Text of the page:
He gave it another thought in 2009, when his supervisor encouraged him to get a P. Eng. designation. He was not entirely convinced yet again as dreadful thoughts of dealing with books, classrooms and a backpack at his age clouded his mind.
It took another year for him to finally decide to pursue an engineering course in power systems, initially as part of a Professional Development Plan discussed in his annual performance appraisal. He contacted APEGM again for assessment of credentials, this time with more enthusiasm, but more grey hair. When the assessment result came, he was given several options to fulfill APEGM’s academic credentials requirements.
As his priority was to provide for his family, he chose courses-in-lieu of technical examinations option. His plan was supported by his employer and agreed to pay his tuition fees and books, as long as the grades were C or better. The agreement also included employee retention clauses, where plan and scheduling were outlined. He had to maintain a full time work schedule, while taking part time studies at the University of Manitoba (U of M). That means making up for lost time while in school.
He knew that taking this option equates to a plethora of challenges, which included keeping up with new methods and technologies, complexity and availability of courses, not to mention the added pressure to perform in a larger capacity at work. There were discouraging and low times, but with his family’s support and understanding, he completed the required courses and was academically qualified in a span of three years.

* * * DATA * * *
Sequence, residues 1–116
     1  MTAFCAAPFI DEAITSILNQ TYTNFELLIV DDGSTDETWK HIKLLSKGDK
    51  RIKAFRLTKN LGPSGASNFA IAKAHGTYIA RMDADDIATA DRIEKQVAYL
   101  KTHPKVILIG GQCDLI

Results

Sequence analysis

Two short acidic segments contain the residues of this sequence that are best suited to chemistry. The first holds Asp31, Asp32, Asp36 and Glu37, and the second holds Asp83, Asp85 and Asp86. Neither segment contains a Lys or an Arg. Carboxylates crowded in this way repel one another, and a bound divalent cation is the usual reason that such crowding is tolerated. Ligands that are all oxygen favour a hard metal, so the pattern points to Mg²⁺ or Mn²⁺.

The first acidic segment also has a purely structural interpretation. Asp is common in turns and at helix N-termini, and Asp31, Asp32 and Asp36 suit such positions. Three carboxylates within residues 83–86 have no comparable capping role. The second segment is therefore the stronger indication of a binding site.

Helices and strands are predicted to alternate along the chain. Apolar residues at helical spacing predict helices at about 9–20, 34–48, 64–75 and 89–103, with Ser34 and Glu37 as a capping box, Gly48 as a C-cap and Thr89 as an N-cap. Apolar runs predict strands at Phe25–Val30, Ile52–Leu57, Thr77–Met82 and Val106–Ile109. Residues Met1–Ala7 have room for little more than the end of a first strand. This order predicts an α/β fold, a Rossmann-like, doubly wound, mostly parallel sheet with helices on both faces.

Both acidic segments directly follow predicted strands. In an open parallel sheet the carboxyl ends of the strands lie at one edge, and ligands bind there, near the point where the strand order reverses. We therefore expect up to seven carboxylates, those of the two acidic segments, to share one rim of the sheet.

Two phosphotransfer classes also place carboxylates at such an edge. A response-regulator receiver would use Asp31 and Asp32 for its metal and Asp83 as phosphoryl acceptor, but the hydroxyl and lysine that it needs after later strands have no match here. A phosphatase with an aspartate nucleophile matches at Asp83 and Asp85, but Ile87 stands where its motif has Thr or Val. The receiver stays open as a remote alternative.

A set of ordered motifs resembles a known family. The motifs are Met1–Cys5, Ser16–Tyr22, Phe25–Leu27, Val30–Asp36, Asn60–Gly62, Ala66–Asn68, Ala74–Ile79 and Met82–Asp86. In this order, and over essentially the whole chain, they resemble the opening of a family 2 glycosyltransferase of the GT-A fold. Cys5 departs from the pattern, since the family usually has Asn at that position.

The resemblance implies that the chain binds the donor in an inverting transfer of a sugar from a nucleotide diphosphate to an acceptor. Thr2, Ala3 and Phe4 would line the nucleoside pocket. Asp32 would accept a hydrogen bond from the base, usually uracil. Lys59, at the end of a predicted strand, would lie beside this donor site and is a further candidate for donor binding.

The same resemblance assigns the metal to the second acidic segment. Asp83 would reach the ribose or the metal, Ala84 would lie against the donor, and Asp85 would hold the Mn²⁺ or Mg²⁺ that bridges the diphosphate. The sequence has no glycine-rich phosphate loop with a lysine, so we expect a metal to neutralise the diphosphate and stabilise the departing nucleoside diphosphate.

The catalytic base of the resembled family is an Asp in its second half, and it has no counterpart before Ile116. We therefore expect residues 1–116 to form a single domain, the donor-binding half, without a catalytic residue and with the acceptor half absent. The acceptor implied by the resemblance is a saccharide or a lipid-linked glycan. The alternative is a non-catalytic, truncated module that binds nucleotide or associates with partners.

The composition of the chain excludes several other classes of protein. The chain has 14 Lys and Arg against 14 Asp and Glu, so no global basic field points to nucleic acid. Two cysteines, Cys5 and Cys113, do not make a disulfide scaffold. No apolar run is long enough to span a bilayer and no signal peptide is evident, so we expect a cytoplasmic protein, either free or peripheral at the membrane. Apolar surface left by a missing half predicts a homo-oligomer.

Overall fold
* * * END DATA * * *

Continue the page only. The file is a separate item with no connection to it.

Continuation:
He was finally registered as an Engineer-in-Training (EIT) in 2013. While typically, EITs would take four years to get a Professional Engineer (P.Eng.) designation due to a four-year engineering work experience requirement, Rodel got his professional designation in that same year.
After being with Manitoba Hydro for over 13 years, Rodel Hernandez, P. Eng., now works as a Power Quality Engineer – his fourth engineering job position in two years, having also been involved in System Planning, Capital Budget Planning and Generation Maintenance Engineering (GME).
Successful at hurdling challenges, Rodel encourages PIs who are thinking of going through or currently in the process, to continue to persevere.
“I know it looks tough at the beginning and seemed at times intimidating. Eventually though, like many of us that went through the process; you will find success at the end. There’s a famous quote that states: ‘A successful man is one who can lay a firm foundation with the bricks others have thrown at him.’
I hope that my story help inspire our fellow professionals to instil hope and desire to improve themselves. If we can elevate the profession within our community, and as a group, we are also elevating ourselves with a renewed tradition of excellence in the field of engineering in this part of the world. May God bless us all in all of our endeavours.”
Rodel may not have gained much from an economic standpoint with his P. Eng. designation, but he had gained more than what he could ask for with a boost in his image and recognition from colleagues. Indeed, the plethora of challenges morphed to a plethora of career advancement opportunities.
Ethel Clemente Fernandez is a registered member of the Association of Professional Engineers and Geoscientists of the Province of Manitoba (APEGM). She currently works for a federal crown corporation and is serving on the Executive Committee of the Filipino Members Chapter (FMC) - APEGM. For inquiries, please e-mail email@example.com.